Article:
In the Religious Worship Census of 1851, taken alongside the main decennial census on March 30th-31st, just four years before the advent of civil registration, there were some 904 Church of Scotland congregations in the country (which had made a census return), but some 2122 congregations from other denominations that were not of the official state church. The breakdown was as follows:
Established Church 904
Reformed Presbyterian Church 37
Original Secession Church 30
Relief Church 2
United Presbyterian Church 427
Free Church 824
Episcopal Church 112
Independents or Congregationalists 168
Society of Friends 6
United Brethren, or Moravians 1
* Original Connexion 61
* Primitive Methodists 10
* Independent Methodists 1
* Wesleyan Reformers 1
Glassites, or Sandemanians 6
New Church 5
Evangelical Union 27
* Various 8
* Common 2
* Unsectarian 1
* City Mission 7
* Christians 7
* Christian Disciples 14
* Christian Reformation 1
* Reformed Christians 1
* Free Christian Brethren 1
* Primitive Christians 2
* Protestants 4
* Reformation 1
* Reformed Protestants 1
* Separatists 1
* Christian Chartists 1
* Denomination not stated 6
Roman Catholics 104
Catholic and Apostolic Church 3
Latter Day Saints, or Mormons 20
The importance of this lies with the fact that often people cannot find an ancestor’s marriage or baptism pre-1855 on the ScotlandsPeople website (www.scotlandspeople.gov.uk) – the reason being that ScotlandsPeople only hosts pre-1855 parish records for the Church of Scotland and the Roman Catholic Church, Of the 2122 number, only 104 congregations were Roman Catholic, with some two thousand congregations missing from that period altogether on the website.
Unfortunately the Scottish returns from that census no longer exist. This is a real frustration, when you consider that not only are the English equivalents still in existence, they have actually been digitised and made freely available on The National Archives website, within the Digital Microfilms collection at http://discovery.nationalarchives.gov.uk/SearchUI/details?Uri=C8993.
As an Ulsterman, I’m long used to the idea that censuses can be destroyed by the simple whims of Government. Ireland is by far the biggest offender, but even in Scotland we have our moments – the household schedules for the 1911 census in Scotland no longer exist, for example, unlike those for the rest of the British Isles, with only the enumerators’ returns available on ScotlandsPeople. The 1911 revelation was quite a shock when I first heard of it, but I had long believed that the 1851 religious census for Scotland was a dead duck, with no surviving examples.
Except for the fact that I have now found a couple of examples! Buried amongst the kirk session papers for Speymouth are two printed census forms that have been filled in by hand. I have yet to see whether this means that they were never returned, or whether they are simple copies, but they do provide an interesting glimpse into a record largely now destroyed in Scotland. The returns are for two congregations – Speymouth, and Garmouth Preaching Station, both in Morayshire, both catalogued by the NRS under CH2/839/20.
Officially the census forms were entitled Census of the Population, 1851 Scotland: Return Relating to Public Worship. They each asked nine main questions of the person tasked with filling out the form.
1) Name and Description of Church or Chapel
2) Where situated?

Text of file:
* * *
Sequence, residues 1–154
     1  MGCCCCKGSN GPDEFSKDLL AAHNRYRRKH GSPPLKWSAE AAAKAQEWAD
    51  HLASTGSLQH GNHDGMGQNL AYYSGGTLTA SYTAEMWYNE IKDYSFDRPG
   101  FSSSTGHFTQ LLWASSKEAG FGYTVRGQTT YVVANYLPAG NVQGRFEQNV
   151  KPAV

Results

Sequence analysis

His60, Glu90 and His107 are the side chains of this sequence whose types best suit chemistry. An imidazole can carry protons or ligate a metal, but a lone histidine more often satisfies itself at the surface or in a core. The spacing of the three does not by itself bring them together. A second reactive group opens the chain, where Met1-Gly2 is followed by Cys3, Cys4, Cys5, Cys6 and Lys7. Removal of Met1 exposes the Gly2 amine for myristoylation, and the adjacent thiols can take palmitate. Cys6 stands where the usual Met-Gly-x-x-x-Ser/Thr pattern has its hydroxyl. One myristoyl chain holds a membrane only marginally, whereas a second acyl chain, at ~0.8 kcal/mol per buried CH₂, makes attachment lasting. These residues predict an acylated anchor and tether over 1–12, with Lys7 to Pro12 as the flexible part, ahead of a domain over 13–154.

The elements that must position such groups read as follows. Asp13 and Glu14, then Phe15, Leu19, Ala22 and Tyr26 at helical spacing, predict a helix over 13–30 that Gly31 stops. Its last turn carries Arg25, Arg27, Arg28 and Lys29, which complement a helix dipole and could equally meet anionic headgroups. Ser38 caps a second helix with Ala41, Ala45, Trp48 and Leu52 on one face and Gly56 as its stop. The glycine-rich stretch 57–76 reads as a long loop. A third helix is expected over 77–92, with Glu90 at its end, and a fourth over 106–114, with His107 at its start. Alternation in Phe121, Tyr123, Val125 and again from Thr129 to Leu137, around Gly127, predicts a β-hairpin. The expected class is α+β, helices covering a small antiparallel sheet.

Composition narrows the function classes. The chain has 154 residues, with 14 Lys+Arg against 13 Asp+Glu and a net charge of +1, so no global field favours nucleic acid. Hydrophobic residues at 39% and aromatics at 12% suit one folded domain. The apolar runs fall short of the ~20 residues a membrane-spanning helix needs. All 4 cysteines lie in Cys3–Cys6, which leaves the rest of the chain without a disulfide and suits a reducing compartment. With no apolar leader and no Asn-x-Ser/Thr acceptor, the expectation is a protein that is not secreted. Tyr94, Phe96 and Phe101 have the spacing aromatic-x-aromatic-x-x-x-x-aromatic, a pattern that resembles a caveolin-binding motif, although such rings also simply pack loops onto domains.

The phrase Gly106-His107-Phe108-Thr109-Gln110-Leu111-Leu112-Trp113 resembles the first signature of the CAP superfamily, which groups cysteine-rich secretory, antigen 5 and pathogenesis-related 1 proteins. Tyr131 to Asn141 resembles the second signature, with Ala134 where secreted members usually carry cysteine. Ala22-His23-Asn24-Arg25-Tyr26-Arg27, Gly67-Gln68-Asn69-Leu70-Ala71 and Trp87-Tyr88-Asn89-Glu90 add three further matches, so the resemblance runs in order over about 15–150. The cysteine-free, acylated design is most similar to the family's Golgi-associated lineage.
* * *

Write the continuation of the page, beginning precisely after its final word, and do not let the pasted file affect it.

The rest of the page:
3) When opened for worship?
4) How or why by whom erected?
5) Stipend of Minister?
6) The number of free sittings, and those requiring payment?
7) Estimated Number of Attendants on March 30, 1851?
8) Remarks – any observations in support of the return
9) Signature – of the Minister, Elder, Session Clerk or other duly delegated person to fill the form out.
From the Garmouth Preaching Station return we learn that it was located at Garmouth, being a quoad sacra district of Speymouth parish in Elginshire (Morayshire). It opened in 1849 “for worship in a school in the village, and designed to accommodate those unable to attend the parish church”. The station “was erected by His Grace the Duke of Gordon & others for a school”. There were 200 free sittings (no others), and normally 180 people attended a service, though none was held on that particular March 30th. Under Remarks the entry notes “There is service during 7 or 8 months of the year in this place, but not in winter owing to want of accommodation”. The entry was signed by the minister.
For Speymouth, we get considerably more detail. The church was opened “before 1800”, and “when the suppressed parishes of Dipple & Essel (sic) were united by decreet of Court of Teinds into one parish named Speymouth, about 1730”. For the salary question for the minister the grain stipend due to him was just over £82, and a money stipend just over £53. The glebe was worth £19 and money for the manse set at £8. Of the church’s available seats, only 70 were free, with some 600 other sittings to be leased. On the day of the census 212 members of the congregation attended morning service, and some 18 Sunday Scholars, slightly less than the average number, usually being 280, with 20 scholars. In the remarks section it notes “The charge of this parish is a sole one, the present incumbent has only held it for two years byegone; and the stipend is the average for these two years”.
So as with anything in genealogy, there are no absolutes. A couple of entries have survived (and if anyone knows of any more, I’d love to hear from you!), it is just unfortunate that such an interesting resource, for the most part, no longer exists.
The two returns above can be consulted at the National Records of Scotland via the Virtual Volumes computer system, or at various archives across the country via the Scottish Documents platform.